Fairy Tale Frenzy - Fri. Nov. 30 - 8PM

Oddball Films and guest curator Landon Bates bring you Fairy Tale Frenzy, a lovely jumble of fairy tales as interpreted for the screen.  This program, a kaleidoscope of colors and textures, comprised of classic tales, and some fresh lesser-known ones, is sure to bring out your inner kid.  We’ll begin with the wonderfully weird Czech animation Cecily (1970’s), the story of a girl whose ears, pulled continually by her grandmother as punishment for bad behavior, stretch to the size of sails, doubling as wings that will carry her far away from her previously drab and ordinary life.  King Midas and the Golden Touch (1946) is a puppet-filled parable that warns against the dangers of greed, as the king abuses his newfound ability to turn anything he touches to gold.  A Chairy Tale (1957), a crazy sort of comic ballet, with a sitar score by Ravi Shankar, involves a boy who may not sit in a chair until the chair first sits on him.  The Owl and the Lemming (1971), a stop-motion animation with traditional Eskimo chanting music, tells of an owl who falls prey to flattery, letting his dinner elude him.  The Thieving Magpie (1967), an Italian animation by Emmanuel Luzzati, set to Rossini’s famous overture, shows what happens when birds revolt against their hunters.  And, lastly, we’ll conclude the evening with three exquisitely elegant silhouette films by Lotte Reiniger: The Magic Horse, The Frog Prince, and Puss n’ Boots (1953-54).  This evening of fairy tale fun is not to be missed.

Date: Friday, November 30th, 2012 at 8:00pm
Venue: Oddball Films, 275 Capp Street San Francisco
Admission: $10.00 Limited Seating RSVP to programming@oddballfilm.com or (415) 558-8117

One day you will be old enough to start reading fairy tales again.

- C.S. Lewis

Cecily (Color, 1970’s)
In this surprising Czech animation, the eponymous Cecily is a little girl with big dreams of becoming a singer.  Her grumpy grandmother, however, is less than encouraging, tugging on Cecily’s ears whenever displeased with her behavior.  Such incessant ear-pulling eventually stretches the little girl’s ears to the size of sails, and little Cecily takes to the sky, Dumbo-like, to realize her dreams elsewhere.  She lands in the jungle, adopted by an assortment of animals, and starts a band. 

King Midas and the Golden Touch (Color, 1946)
In this tale of obsession, when granted a single wish, the avaricious King Midas chooses the power to turn whatever he touches to gold.  The king’s initial delight is unbounded as he tries out his new ability at the breakfast table, touching first the tablecloth and then a short-stack of pancakes, with dazzling results.  But, as ordinary objects are transfigured into golden ones, so Midas’s ecstasy dissolves into horror, when he touches the hand of his own daughter, rendering her statuesque.  This tale is brought to life with wonderful puppetry animation.    

A Chairy Tale (B&W, 1957)
A young man seeks a place to sit while reading, a simple enough problem with an equally simple solution: there is an empty chair conveniently nearby.  Yet, when the man attempts to sit, he finds himself floor-bound; the chair has eluded him.  He tries again, and again the chair moves.  The most basic of actions turns into an all-out battle of wills, chair and boy tumbling in a frenzied blur across the floor.   Directed by experimental filmmaker Norman McClaren, with a sitar score by the imminent Ravi Shankar punctuating the comically exaggerated physical movements, this Buster Keaton-like ballet won British Film Academy and Venice International Film Festival awards when it came out in 1957.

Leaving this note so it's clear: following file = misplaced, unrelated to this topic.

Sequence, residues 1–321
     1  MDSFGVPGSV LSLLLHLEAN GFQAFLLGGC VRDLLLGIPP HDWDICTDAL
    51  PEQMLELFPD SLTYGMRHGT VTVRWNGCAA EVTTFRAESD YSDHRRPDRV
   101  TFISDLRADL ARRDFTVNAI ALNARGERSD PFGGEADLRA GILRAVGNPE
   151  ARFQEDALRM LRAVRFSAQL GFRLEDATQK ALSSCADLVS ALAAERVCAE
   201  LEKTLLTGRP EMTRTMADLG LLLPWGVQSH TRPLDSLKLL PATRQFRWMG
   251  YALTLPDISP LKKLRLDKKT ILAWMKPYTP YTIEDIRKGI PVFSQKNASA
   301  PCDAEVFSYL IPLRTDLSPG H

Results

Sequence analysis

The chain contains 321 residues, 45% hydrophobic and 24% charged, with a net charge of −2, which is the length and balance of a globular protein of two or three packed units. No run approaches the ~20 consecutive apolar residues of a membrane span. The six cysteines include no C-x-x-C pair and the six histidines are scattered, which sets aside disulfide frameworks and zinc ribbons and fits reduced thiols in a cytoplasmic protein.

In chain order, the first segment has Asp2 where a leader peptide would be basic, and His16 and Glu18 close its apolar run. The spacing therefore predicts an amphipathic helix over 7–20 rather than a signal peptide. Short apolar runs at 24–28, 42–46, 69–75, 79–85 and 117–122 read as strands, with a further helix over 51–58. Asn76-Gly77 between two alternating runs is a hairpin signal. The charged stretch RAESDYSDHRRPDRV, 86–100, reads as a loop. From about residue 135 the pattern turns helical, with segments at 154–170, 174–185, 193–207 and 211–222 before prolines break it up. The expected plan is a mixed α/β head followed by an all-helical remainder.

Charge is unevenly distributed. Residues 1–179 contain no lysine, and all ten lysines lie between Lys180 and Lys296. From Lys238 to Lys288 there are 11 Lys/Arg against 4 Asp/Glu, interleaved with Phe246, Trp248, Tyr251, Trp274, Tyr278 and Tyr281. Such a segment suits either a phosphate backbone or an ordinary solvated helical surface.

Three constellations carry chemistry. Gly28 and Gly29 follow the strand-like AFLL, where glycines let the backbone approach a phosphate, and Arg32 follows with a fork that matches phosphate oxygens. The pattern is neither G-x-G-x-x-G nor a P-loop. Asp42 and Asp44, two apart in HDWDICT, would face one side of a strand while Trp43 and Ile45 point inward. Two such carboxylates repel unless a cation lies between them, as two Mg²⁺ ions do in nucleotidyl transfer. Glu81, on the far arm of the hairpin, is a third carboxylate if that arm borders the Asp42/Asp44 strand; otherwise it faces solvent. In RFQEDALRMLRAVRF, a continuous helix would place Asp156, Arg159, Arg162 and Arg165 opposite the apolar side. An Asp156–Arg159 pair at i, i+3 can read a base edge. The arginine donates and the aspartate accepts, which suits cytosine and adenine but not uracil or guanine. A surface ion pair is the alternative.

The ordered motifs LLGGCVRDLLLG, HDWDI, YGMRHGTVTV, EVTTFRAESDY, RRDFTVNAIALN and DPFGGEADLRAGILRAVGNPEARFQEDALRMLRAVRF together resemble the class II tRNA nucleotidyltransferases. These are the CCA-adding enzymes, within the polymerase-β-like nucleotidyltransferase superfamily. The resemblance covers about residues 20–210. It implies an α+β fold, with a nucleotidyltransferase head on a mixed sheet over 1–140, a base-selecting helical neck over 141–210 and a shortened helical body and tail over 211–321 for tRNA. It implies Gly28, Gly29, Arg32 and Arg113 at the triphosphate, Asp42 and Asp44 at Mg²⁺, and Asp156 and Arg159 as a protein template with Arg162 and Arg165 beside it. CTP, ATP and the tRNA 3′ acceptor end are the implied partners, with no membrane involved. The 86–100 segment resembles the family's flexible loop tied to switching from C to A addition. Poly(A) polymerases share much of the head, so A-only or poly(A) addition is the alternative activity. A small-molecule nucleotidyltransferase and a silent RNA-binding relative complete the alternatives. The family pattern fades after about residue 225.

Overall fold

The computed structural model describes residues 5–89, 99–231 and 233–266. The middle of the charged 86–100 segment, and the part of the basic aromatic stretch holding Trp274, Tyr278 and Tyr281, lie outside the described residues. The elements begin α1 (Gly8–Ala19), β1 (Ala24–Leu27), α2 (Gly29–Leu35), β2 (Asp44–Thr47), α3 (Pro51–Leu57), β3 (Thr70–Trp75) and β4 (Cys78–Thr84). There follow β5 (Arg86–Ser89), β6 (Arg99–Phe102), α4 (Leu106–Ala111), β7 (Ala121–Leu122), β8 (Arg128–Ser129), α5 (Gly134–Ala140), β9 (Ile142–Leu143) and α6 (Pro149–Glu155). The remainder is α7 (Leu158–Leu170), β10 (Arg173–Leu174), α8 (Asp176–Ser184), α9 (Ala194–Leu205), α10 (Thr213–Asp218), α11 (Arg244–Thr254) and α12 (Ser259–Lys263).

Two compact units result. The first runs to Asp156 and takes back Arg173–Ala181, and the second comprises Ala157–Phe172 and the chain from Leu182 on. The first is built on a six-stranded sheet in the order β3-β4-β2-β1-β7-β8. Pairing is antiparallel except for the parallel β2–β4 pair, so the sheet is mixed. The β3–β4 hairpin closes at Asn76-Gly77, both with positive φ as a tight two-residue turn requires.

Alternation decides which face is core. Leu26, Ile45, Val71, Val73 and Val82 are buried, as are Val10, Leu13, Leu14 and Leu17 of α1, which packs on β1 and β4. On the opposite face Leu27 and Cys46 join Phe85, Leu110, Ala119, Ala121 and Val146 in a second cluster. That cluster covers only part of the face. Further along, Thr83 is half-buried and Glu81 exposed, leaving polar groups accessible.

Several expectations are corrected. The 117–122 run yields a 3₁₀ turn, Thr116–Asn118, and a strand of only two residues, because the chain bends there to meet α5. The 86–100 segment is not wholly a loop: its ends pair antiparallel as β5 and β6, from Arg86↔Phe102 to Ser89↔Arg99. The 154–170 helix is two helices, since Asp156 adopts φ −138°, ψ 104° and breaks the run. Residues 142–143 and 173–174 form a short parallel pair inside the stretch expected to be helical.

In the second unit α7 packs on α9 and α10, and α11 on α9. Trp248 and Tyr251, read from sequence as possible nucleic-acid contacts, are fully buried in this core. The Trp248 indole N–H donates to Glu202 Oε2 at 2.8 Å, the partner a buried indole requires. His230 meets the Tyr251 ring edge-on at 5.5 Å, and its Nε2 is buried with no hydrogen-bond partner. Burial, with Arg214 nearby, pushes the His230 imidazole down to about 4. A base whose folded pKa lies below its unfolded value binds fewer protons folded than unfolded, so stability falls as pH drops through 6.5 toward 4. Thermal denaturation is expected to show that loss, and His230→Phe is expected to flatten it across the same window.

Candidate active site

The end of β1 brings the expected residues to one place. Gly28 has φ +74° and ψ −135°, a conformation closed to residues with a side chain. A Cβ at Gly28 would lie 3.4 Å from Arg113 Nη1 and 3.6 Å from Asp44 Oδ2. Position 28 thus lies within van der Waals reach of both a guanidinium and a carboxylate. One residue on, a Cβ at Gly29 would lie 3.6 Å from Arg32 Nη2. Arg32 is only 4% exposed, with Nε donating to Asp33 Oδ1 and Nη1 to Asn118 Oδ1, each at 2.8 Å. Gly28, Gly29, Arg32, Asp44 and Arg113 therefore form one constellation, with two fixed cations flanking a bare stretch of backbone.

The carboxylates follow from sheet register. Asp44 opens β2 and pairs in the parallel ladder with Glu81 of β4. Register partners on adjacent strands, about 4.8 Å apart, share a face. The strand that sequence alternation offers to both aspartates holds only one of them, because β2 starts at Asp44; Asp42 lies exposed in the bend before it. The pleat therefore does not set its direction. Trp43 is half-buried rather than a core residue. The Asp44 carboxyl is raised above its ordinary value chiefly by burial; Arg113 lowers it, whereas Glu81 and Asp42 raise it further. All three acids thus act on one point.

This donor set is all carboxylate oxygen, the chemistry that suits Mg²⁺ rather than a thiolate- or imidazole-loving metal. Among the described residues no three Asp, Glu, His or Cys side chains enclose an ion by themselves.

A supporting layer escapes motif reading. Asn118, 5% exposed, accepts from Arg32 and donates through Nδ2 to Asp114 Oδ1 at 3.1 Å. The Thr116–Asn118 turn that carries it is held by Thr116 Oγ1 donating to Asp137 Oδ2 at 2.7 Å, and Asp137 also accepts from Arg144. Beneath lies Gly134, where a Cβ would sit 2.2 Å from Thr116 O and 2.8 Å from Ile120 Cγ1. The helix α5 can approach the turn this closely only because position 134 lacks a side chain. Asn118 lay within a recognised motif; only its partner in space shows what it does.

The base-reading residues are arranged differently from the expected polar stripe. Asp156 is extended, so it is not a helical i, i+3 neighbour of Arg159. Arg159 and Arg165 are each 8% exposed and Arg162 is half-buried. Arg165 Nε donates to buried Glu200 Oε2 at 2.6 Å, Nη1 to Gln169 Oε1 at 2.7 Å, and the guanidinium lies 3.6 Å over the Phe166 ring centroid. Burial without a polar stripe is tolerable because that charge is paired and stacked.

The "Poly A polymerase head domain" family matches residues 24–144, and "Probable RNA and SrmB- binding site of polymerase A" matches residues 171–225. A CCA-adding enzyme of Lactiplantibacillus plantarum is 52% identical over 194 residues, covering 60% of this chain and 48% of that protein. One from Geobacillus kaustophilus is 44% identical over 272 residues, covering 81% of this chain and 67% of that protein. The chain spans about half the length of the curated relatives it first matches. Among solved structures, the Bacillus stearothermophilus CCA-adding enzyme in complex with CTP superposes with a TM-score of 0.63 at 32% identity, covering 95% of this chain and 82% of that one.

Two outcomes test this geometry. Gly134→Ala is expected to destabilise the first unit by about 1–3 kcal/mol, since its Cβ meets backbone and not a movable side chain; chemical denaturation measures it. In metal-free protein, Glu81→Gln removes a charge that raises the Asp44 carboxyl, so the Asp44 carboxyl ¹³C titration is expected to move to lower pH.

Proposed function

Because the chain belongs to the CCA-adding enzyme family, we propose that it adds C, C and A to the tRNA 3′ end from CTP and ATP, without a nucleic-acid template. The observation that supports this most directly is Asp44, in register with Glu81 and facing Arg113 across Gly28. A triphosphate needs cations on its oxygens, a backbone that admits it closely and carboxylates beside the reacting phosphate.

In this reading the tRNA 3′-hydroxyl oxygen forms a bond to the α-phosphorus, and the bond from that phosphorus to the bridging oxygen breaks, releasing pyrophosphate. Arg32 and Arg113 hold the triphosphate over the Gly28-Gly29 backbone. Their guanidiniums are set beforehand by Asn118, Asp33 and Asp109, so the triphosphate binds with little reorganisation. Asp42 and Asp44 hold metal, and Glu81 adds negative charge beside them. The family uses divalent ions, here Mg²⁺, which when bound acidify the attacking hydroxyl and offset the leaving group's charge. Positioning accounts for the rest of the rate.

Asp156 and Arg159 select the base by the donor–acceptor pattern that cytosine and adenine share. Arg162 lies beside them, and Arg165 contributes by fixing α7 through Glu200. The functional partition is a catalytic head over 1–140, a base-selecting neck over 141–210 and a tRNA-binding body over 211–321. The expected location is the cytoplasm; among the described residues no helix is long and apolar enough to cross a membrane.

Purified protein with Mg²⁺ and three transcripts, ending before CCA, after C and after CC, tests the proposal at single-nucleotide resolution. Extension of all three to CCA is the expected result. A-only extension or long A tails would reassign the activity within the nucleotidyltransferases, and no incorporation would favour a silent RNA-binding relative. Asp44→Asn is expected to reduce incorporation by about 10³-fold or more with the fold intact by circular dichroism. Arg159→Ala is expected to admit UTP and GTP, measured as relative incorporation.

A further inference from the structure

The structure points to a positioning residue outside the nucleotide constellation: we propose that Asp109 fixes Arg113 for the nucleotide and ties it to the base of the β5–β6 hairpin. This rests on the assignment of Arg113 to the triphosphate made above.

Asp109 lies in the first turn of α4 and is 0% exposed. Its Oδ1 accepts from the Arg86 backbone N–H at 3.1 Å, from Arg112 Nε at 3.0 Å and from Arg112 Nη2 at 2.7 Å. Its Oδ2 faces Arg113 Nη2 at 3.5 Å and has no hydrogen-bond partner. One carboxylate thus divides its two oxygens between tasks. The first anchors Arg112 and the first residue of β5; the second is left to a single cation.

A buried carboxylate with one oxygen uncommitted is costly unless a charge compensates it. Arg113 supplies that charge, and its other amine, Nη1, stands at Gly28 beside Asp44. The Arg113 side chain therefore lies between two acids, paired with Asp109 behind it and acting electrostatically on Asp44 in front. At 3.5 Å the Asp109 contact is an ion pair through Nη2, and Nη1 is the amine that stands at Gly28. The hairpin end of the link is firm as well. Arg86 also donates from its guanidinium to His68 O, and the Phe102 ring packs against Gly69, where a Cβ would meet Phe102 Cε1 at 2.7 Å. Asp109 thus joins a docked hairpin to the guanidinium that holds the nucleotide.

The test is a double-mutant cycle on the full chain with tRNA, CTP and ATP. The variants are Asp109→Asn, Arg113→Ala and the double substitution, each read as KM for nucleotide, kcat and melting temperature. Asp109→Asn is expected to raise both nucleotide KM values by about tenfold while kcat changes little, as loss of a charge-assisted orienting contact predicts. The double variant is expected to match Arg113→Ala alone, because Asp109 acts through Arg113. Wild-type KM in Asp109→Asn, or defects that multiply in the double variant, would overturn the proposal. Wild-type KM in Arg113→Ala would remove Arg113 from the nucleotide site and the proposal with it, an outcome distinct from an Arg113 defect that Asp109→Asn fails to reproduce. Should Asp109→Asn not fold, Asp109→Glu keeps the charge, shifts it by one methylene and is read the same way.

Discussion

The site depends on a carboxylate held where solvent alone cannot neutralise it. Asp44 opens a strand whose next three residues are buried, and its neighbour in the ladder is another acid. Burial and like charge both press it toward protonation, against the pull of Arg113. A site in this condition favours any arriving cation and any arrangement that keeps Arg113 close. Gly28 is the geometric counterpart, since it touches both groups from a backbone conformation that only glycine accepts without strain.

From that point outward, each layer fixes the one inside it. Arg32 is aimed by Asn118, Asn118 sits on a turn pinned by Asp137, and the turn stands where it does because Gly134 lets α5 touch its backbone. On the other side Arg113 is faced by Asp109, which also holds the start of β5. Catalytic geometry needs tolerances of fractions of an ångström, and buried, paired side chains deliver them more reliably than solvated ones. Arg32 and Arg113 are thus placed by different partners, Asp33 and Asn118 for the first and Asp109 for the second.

The Owl and the Lemming: an Eskimo Legend (Color, 1971)
A hungry owl, Ookpik, spies a plump, sleeping lemming, a potential feast for his family.  He captures the lemming, who readily surrenders but then encourages Ookpik to indulge in a sort of victory dance, praising the owl as the finest dancer in all the land.  The owl proceeds to get drunk on his vanity, losing himself in his dance and providing his prey with the perfect opportunity for escape.  This stop motion animation, touching on the dangers of flattery, employs a beautiful sunset backdrop, whose smooth curves undulate slightly, which, combined with a serene score of Eskimo chanting, creates a subtly hypnotic atmosphere.  

The Thieving Magpie (Color, 1967)
In this Italian animation, three kings who tire of war turn to recreational bird hunting, sweeping the skies with barrages of arrows, and sending countless birds plummeting to their demise.  One wily magpie, however, manages to evade the kings and, in turn, terrorize them with his antics, eventually amassing an army of bird troops to avenge themselves against the killer kings.  Directed by Emmanuelle Luzatti, this film received an Academy Award nomination. 

3 Silhouette Films by Lotte Reiniger: The Magic Horse, The Frog Prince, and Puss n’ Boots
(B&W, 1953-1954)
These three animated adaptations of several of the most classic fairytales are this program’s main course.  Unmatched in their imaginative innovation, Lotte Reiniger’s use of silhouetted cutouts seems the perfect medium for bringing to life these whimsical tales.  Ornate and elegant, these three shorts alone are easily worth admission. 

Curator’s Biography:
Landon Bates is a UC Berkeley graduate of English Literature, has worked on several documentary film projects, is the drummer for the post-punk duo Disappearing People, and is a cinephile whose devotion to movies knows no bounds.